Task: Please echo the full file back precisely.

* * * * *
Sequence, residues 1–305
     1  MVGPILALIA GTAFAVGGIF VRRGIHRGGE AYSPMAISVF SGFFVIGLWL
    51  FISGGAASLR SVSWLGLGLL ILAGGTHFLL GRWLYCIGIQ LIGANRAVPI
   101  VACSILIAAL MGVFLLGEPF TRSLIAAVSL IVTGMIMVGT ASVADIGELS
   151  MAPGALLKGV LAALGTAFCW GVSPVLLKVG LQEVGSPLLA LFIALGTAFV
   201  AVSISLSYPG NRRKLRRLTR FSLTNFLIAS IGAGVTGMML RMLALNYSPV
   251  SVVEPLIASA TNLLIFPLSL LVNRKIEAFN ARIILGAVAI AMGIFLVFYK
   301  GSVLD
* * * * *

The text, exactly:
Sequence, residues 1–305
     1  MVGPILALIA GTAFAVGGIF VRRGIHRGGE AYSPMAISVF SGFFVIGLWL
    51  FISGGAASLR SVSWLGLGLL ILAGGTHFLL GRWLYCIGIQ LIGANRAVPI
   101  VACSILIAAL MGVFLLGEPF TRSLIAAVSL IVTGMIMVGT ASVADIGELS
   151  MAPGALLKGV LAALGTAFCW GVSPVLLKVG LQEVGSPLLA LFIALGTAFV
   201  AVSISLSYPG NRRKLRRLTR FSLTNFLIAS IGAGVTGMML RMLALNYSPV
   251  SVVEPLIASA TNLLIFPLSL LVNRKIEAFN ARIILGAVAI AMGIFLVFYK
   301  GSVLD